Content ID


Flatlining Tracked Skid Steer Loader Values

An opportunity has opened up this winter that is making used tracked skid steer loaders more affordable, particularly regarding late-model machines.

Spurred on by a strong general economy, construction firms, contractors, and landscapers have been replacing skid steer loaders on a regular basis the last several years. That has placed a larger than usual number of loaders on the used market of late. As winter, particularly the time before the first of the year (for tax purchases), is a common time for such firms to replace their equipment in preparation for the spring and summer building boom, the used marketplace has received large numbers of trade-ins lately.

The other trend that could entice you to upgrade to a tracked skid steer loader is that construction and landscape firms have shown an increased preference for tracked machines in recent years. According to Equipment Data Associates numbers, track loaders accounted for roughly 22% of all financed skid steers in 2015, up from less than 5% a decade previously. In addition, sales of new tracked loaders shot up 18% between July 2014 and June 2015.  

So increasing sales of loaders in recent years have tempered the resale values of used skid steers of late. Tim Miller of Steffes Auction recently observed that the availability of tracked skid steer loaders at auction has certainly made that market niche more competitive.

The Pocket Price Guide on page 31 takes an in-depth look at recent bids given on only 2014 tracked loaders in the 90-hp. range. There was a spike in tracked sales that model year followed by another sales rally late in 2015. Many of these machines are coming in on trade or are being sold outright by construction firms this winter, providing you with an opportunity to buy late-model machines.

challenges to bidding on skid steers  

It may seem like an understatement, but it should be emphasized that shopping for a skid steer loader pits you against a far wider variety of buyers outside of agriculture.

This best explains why the values of skid steers of all types are much more sensitive to hours of use. Not that hours don’t have an impact on farm equipment. But low-hour machines are particularly attractive to the construction and landscaping trades as they seek a machine ready to go to work
immediately after purchase and one that will put in a year or two of hard work before being sold. “Contractors want a machine they don’t have to work on before putting to use,” explains Scott Cook of Cook Auction. “At best, they may get an oil change before being pressed into service – often the day after the sale.”

A great example of this can be found in the two nearly identically equipped 2014 Caterpillar model 279D loaders in the Pocket Price Guide. The Caterpillar with 209 hours from New Hampshire brought a final price of $55,000. The model 279D from Ohio with 1,520 hours sold for $17,000 less ($38,000).

Contractors are also very keen for certain loader accessories, particularly auxiliary hydraulics, quick-attachment devices, and hydraulic quick-couplers, as they often change attachments sometimes several times a day. So loaders rigged with such features fetch strong bids.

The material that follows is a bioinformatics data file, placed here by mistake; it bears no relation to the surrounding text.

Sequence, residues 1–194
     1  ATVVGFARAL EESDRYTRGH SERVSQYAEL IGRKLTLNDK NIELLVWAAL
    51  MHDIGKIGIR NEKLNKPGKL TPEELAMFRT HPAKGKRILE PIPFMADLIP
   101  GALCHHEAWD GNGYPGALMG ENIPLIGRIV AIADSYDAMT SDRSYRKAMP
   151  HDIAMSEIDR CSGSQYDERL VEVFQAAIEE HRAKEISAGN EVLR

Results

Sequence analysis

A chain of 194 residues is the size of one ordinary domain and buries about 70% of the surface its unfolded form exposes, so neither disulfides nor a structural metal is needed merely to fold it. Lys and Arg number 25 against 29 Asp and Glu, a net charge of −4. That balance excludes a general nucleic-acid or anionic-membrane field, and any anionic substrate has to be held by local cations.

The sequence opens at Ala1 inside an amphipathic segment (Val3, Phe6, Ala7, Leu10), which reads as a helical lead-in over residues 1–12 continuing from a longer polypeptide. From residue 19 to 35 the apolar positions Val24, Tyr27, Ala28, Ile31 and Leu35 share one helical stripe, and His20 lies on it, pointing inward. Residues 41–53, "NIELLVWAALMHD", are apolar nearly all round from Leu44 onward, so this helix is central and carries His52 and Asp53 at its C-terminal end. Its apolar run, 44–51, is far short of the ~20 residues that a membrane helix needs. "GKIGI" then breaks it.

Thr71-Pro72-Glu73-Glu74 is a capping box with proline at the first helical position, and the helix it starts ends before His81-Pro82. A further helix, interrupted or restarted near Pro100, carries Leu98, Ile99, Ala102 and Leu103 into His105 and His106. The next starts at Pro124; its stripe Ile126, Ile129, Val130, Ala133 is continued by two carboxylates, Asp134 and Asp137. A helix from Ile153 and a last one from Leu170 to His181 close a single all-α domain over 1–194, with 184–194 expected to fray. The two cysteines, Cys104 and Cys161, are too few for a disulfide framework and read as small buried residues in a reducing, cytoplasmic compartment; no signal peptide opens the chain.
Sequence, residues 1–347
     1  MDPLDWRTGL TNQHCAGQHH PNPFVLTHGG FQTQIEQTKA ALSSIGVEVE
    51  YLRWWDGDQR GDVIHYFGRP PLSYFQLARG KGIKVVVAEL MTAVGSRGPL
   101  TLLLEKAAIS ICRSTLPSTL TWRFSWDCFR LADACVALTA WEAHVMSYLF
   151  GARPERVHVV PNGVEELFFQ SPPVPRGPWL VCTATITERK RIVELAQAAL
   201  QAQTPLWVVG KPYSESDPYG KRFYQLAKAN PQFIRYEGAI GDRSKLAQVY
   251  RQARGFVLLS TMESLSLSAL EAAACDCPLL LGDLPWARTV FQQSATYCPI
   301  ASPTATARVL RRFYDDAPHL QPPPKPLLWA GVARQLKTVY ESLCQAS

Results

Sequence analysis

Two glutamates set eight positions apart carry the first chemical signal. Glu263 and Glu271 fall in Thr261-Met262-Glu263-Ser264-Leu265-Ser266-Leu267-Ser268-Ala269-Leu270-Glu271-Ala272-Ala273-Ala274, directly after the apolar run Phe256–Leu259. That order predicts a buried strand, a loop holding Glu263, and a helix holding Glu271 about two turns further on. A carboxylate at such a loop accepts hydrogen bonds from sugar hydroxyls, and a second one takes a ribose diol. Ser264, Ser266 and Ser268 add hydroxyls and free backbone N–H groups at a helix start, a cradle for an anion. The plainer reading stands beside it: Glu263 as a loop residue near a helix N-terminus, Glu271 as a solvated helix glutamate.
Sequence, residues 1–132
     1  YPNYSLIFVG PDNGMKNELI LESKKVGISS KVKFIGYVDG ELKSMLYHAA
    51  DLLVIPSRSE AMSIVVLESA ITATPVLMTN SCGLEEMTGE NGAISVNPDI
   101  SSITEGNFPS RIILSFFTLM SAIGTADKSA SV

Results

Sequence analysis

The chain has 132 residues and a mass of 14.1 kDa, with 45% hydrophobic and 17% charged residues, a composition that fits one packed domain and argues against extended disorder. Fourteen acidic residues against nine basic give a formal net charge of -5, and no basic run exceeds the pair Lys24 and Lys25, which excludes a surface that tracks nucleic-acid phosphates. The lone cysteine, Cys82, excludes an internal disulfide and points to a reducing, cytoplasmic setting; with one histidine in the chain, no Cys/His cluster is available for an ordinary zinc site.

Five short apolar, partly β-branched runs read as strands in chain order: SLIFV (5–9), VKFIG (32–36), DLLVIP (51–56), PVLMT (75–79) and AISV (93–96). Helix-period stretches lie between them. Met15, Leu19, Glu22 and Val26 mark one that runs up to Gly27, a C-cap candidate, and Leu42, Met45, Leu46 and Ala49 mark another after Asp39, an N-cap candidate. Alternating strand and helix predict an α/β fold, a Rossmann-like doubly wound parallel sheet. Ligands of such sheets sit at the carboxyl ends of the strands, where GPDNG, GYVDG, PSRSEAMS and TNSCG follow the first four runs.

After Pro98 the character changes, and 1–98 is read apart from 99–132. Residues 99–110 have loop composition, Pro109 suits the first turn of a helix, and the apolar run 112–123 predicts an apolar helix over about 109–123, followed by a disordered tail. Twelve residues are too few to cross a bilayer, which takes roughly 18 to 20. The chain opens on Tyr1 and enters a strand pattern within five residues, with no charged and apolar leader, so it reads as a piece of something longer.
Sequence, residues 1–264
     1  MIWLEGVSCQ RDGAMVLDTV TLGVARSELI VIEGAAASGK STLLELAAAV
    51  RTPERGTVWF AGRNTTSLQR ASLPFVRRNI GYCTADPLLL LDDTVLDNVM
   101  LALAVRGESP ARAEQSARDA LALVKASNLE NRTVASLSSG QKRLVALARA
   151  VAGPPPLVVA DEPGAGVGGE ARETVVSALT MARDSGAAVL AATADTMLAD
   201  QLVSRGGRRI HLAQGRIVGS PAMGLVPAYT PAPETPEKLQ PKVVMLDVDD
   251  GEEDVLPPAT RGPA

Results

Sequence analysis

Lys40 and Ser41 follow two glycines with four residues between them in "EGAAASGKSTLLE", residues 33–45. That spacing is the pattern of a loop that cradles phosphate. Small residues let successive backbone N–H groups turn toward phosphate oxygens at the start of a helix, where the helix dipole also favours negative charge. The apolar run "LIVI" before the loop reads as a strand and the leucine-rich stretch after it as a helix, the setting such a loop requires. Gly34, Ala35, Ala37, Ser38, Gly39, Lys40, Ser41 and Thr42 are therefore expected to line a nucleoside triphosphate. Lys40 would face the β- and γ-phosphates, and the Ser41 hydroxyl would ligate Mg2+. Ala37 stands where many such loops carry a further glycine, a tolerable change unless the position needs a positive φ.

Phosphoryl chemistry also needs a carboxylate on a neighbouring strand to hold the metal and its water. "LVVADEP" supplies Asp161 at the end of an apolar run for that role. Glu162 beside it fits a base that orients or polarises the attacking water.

The other competitive challenge observant farmers have noticed at farm auctions is that contractors greatly value farmer-owned skid steer loaders. “I’ve had contractors ask me to notify them when pieces of farmer-owned construction equipment come up for sale,” says Cook. “They know of farmers’ reputation for care of their machinery.”

Therefore, you will pay a premium for skid steers from the farm because of more bidders. Regardless of its origin, you need to invest time thoroughly inspecting a loader prior to the sale including –and this is a must – starting the machine up, driving it around, and putting the hydraulics through a full test. Finish your inspection with a close look at the tracks and under-carriage, taking note of wear and tear. As the story at the right testifies, replacement costs of a tracked system can be substantial.

replacement cost sticker shock for skid steer tracks

Tracked loaders offer distinct advantages to wheeled units; namely low ground pressure, greater stability, and higher traction. The Achilles’ heel of tracked loaders is revealed when their tracks and undercarriage need to be replaced.

Figure that the cost of replacing tracks vs. tires on a skid steer is 30% higher for machines of comparable frame size and lift arm configuration. Typically, new tires on a loader (depending on size) will cost $1,000 to $1,200. New tracks will set you back $3,000 to $4,000. 

Replacement costs for tracked loaders don’t end there.

When replacing tracks, you are strongly advised to swap out sprockets, as the old sprockets have worn to match the wear on the old tracks. A worn sprocket can cause premature wear and damage to new tracks. Now, you can move sprockets to the opposite side of the undercarriage, but the hardened surface of the sprocket has likely eroded, shortening its life.

If you are putting thousands of hours of use on a tracked loader, you will eventually have to spend another $4,000-plus replacing undercarriage rollers and idlers.

As a general rule, figure the total life-cycle costs for wheel loaders at $1 to $2 per hour, while tracked machines are around $4 per hour of use, suggests Gregg Zupancic of John Deere. 

Read more about

Machinery Talk